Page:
Indian activists carry placards of the chief of Jaish-e-Mohammad, Maulana Masood Azhar during a protest against the attack on the air force base in Pathankot, in Mumbai on January 4, 2016. Photograph: (AFP)
The move is unprecedented, for the military is widely perceived to be stronger than the democratically-elected government
The Pakistani government has told its army that it wishes to crack down on people thought by India and the United States to be terrorists, the Pakistani newspaper Dawn reported Thursday. The demand is unprecedented.
Pakistan foreign secretary Aizaz Chaudhry told the security establishment at the All Parties' Conference on Monday that the government wished to take action against Masood Azhar and his outfit the Jaish-e-Mohammed (JeM), Hafiz Saeed and his Lashkar-e-Taiba, and the Haqqani network, the Dawn reported.
Islamabad also underlined its intention to speed up the investigation into the attack on the Pathankot air base (in India) in 2016 and to resume the currently-suspended 2008 Mumbai attacks-related trials.
The Dawn reported that the Pakistani military told the government in reply that it was free to arrest whomsoever it wished to; to which the government -- in the form of Punjab chief minister Shahbaz Sharif, he is also Prime Minister Nawaz Sharif's younger brother -- replied that each time it tried to take action against "certain groups", the military "has worked behind the scenes to set the arrested free".
The government then asked the military not to shield people who are perceived by the international community to be terrorists.
The Dawn reported the foreign secretary as saying it was important this was done because of Pakistan's growing international isolation.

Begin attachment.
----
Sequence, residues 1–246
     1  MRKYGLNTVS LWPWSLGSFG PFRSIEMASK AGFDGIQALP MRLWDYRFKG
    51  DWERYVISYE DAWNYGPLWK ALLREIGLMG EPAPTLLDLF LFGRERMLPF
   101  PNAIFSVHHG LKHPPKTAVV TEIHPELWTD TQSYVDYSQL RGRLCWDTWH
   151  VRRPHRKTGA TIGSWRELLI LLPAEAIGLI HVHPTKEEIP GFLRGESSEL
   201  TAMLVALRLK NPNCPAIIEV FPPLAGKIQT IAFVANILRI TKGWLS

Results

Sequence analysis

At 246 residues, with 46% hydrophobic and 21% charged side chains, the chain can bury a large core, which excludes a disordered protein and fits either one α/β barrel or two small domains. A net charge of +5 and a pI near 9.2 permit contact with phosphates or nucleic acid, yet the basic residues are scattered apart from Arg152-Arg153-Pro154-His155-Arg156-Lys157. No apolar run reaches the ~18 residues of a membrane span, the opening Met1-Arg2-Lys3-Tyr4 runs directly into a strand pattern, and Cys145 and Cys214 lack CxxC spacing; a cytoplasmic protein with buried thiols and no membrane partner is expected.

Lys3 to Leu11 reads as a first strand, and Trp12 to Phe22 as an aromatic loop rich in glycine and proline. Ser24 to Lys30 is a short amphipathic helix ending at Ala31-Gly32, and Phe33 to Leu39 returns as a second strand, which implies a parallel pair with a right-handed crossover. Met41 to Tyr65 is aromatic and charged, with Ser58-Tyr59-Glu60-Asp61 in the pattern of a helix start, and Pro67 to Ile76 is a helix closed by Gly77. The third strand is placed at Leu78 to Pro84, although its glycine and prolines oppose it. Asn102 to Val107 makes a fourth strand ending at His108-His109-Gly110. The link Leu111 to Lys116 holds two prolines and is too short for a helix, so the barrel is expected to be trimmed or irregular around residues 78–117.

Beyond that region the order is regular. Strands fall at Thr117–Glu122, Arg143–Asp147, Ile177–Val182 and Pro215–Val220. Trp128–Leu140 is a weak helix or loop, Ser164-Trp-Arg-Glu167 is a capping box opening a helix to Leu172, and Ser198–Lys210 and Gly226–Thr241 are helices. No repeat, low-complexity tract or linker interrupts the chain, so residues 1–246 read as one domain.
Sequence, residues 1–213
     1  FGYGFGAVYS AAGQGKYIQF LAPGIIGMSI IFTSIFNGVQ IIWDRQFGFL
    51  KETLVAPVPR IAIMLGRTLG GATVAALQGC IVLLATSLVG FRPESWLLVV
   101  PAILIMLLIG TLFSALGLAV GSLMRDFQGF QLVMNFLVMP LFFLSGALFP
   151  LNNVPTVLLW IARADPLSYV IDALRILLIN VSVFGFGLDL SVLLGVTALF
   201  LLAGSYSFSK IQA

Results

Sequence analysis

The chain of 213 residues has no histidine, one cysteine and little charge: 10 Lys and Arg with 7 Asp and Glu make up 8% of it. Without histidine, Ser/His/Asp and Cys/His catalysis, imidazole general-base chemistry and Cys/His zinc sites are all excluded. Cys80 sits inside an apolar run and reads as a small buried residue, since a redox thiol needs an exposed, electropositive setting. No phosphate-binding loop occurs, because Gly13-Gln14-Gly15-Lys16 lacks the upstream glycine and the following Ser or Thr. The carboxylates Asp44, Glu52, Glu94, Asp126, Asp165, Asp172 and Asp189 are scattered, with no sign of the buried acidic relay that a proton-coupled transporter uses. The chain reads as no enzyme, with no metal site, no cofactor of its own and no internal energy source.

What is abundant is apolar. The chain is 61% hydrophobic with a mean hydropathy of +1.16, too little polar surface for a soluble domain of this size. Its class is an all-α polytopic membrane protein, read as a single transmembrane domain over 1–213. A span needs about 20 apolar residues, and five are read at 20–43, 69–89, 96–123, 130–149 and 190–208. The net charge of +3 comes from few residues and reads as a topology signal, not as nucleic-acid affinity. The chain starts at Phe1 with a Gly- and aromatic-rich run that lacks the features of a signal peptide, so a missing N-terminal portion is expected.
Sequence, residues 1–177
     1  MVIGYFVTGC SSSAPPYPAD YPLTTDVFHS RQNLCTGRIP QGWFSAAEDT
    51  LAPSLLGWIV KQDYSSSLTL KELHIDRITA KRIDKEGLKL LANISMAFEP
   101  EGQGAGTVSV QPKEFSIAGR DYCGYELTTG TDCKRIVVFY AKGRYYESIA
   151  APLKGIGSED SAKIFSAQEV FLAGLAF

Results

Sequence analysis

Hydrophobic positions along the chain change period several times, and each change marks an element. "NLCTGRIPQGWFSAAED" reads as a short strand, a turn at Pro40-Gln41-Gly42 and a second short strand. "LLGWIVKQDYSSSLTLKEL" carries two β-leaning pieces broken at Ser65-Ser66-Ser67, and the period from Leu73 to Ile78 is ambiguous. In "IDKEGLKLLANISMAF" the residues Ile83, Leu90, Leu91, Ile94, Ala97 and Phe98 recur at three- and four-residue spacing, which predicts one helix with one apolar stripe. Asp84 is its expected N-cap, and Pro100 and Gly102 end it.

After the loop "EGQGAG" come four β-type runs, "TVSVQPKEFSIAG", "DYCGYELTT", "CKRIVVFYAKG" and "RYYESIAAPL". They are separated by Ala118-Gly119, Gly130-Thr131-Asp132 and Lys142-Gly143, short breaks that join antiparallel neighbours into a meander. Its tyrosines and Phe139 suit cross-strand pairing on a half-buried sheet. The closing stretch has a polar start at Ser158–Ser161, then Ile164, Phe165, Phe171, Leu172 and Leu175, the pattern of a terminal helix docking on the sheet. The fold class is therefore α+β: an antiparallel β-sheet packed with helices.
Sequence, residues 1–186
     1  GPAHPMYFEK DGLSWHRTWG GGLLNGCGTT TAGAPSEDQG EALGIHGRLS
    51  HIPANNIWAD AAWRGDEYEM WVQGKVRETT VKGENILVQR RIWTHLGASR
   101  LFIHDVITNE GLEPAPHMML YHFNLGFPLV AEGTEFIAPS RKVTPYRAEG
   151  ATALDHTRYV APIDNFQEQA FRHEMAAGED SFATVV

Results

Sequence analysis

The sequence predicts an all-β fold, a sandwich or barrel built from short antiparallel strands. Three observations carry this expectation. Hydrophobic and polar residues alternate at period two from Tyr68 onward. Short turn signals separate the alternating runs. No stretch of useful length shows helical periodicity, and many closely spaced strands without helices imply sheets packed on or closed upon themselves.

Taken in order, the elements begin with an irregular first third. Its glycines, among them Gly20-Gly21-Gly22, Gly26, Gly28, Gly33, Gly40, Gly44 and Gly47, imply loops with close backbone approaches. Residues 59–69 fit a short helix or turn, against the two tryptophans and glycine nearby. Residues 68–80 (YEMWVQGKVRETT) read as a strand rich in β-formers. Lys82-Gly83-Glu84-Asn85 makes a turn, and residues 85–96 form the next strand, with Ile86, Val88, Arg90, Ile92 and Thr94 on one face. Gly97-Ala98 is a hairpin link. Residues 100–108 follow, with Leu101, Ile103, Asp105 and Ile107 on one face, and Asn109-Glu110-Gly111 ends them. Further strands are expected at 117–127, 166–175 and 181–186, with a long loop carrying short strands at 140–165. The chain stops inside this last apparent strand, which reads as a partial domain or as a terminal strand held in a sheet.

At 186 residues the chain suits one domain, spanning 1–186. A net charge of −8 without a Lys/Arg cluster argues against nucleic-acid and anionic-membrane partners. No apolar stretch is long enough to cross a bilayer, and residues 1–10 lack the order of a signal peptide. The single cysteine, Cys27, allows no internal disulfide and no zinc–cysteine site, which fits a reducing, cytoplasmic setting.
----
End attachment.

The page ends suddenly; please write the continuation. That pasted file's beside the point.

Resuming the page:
The Dawn also quoted unnamed sources at the meeting as saying that the foreign secretary had said even China has privately expressed its concerns about Islamabad's policy on terrorism.
The foreign secretary was reported to have said that even China has asked Pakistan why it was protecting JeM leader Masood Azhar, who is wanted by India for a string of terrorist attacks in the country, the Dawn quoted its sources as saying.
New Delhi believes Azhar masterminded the Uri attack in Kashmir last month and the attack on the Indian Parliament in December 2001.
China's hesitancy in supporting Pakistan, coupled with intense international pressure, has compelled the civilian government to take a hard line against terrorism.
While India has long demanded action against Hafiz Saeed — he is believed to have orchestrated the 2008 Mumbai attacks — and Azhar and their militant groups, the US has wanted Pakistan to clamp down on the dreaded Haqqani network, an Afghaninsurgent group fighting NATO forces.
The high-stakes meeting was chaired by Prime Minister Sharif and included senior cabinet officials. The military was represented by Inter-Services Intelligence (ISI) director general Rizwan Akhtar.
Both the military and the government, however, have refused to confirm the contents of the meeting.
The government's surprise decision to sharpen the rules of engagement with the army is fraught with risks for the latter is widely perceived to be stronger than the democratically- elected government of Pakistan.